Tuesday with a Scholar Series
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Join scholars from area colleges and elsewhere as they share their specialized knowledge and enthusiasm. It’s like hearing your favorite college professors again, without worrying about writing papers or taking finals!
This series is funded with money from the Friends of the Ramsey County Libraries, unless otherwise noted.
January 12: COVID-19 in Context: The Historical Background of a Pandemic with Jennifer Gunn
Most of us were completely unprepared for the appearance of a world-wide pandemic last March, despite the fact that history offers all too many disturbing examples of societies ravaged by uncontrolled disease. Join University of Minnesota Professor Jennifer Gunn for a look at COVID-19 in context. What can we learn from the historical roots of the pandemic? How can the story of past disease help us prepare for the future of this one?
Jennifer Gunn is the director of the Institute for Advanced Study at the University of Minnesota with research interests in the History of Medicine and Public Health.
January 19: The Legal Legacy of Ruth Bader Ginsburg with Timothy Johnson
The death of Supreme Court Justice and liberal icon Ruth Bader Ginsburg, coming as it did less than two months before the 2020 presidential election, had the potential to unleash a political firestorm. Join legal scholar Timothy Johnson for an appraisal of the congressional proceedings of the last few weeks—how do they reflect on Ginsburg’s judicial legacy and what do they mean for the future of the court.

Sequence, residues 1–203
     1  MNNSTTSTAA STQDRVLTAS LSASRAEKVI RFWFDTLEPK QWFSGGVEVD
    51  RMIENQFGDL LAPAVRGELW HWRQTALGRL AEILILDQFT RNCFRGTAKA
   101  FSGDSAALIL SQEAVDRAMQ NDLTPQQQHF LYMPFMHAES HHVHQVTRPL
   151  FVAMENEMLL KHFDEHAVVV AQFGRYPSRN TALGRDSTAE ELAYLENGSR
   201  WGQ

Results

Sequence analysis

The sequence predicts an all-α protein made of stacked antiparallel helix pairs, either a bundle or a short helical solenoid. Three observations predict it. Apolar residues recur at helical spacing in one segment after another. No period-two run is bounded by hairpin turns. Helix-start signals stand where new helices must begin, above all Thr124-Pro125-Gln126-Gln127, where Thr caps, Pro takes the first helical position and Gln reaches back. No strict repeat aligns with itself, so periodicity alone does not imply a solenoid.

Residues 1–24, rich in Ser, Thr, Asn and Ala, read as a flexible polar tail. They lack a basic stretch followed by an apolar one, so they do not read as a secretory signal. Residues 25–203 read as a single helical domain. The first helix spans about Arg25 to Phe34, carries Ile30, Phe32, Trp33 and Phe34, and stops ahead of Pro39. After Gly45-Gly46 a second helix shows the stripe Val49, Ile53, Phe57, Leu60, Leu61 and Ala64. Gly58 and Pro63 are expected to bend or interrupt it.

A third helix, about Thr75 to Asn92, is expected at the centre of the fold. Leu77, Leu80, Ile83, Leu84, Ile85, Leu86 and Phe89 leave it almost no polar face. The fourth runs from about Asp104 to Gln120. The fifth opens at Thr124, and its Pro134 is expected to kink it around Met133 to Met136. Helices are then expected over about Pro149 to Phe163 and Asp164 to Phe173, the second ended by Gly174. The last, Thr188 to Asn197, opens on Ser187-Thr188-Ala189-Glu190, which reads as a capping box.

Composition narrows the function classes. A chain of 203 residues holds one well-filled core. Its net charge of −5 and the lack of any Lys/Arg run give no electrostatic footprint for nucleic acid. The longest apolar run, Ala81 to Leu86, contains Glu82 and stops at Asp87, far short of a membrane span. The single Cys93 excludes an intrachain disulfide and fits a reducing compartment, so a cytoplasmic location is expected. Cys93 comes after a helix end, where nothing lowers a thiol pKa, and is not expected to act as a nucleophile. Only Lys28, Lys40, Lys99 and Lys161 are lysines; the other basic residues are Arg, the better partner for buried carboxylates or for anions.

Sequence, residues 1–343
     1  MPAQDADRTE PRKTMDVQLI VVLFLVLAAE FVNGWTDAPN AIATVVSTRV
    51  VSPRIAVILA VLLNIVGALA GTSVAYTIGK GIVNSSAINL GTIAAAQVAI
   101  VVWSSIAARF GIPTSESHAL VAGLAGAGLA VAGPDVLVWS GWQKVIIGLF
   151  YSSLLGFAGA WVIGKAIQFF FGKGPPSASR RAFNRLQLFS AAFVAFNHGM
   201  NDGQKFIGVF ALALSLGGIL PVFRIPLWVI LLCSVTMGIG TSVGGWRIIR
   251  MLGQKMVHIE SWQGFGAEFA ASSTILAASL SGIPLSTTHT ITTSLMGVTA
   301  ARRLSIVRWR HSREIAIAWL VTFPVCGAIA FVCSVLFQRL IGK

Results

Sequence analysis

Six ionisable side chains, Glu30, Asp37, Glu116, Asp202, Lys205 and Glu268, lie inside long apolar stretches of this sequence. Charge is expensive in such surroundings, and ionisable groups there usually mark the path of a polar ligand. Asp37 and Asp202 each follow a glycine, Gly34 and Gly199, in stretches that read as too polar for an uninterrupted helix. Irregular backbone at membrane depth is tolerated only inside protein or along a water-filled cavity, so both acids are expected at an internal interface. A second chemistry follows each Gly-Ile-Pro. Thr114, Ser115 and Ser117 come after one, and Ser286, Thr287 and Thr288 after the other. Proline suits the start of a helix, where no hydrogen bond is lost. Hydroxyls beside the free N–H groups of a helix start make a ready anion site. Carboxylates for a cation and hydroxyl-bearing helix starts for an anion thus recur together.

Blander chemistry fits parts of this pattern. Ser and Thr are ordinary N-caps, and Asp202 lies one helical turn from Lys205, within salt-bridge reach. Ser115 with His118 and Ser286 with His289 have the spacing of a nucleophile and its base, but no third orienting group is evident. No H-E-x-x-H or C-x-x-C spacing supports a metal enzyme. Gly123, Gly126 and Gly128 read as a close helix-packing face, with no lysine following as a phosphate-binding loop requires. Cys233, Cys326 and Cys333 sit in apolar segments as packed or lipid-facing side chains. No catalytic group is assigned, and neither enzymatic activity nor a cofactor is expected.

Timothy R. Johnson is the Morse Alumni Distinguished Professor of Political Science and Law at the University of Minnesota, and a nationally recognized expert on U.S. Supreme Court oral arguments and decision making.
January 26: Using Data Science to Understand Online Extremism with Megan Squire
Online hate groups and political extremists operate in the shadowed corners of the internet, but their influence is increasingly felt in mainstream America—including, some say, during the last election. Join data scientist Megan Squire as she talks about how she uses the tools of her profession to understand online radicalization, extremist group membership, the spread of dangerous propaganda, and clandestine financial networks.
Megan Squire is a professor of computer science at Elon University in North Carolina. Her work has been featured in Rolling Stone Magazine and CNN.
This is an online class offered remotely using Zoom communication software. After registration, participants will receive an email from the library approximately three days prior to class with additional instructions including a link (or URL) that will be used as an invitation to enter the online class. If registering within 72 hours of class start time, expect to receive an email with the instructions and link the morning of the event.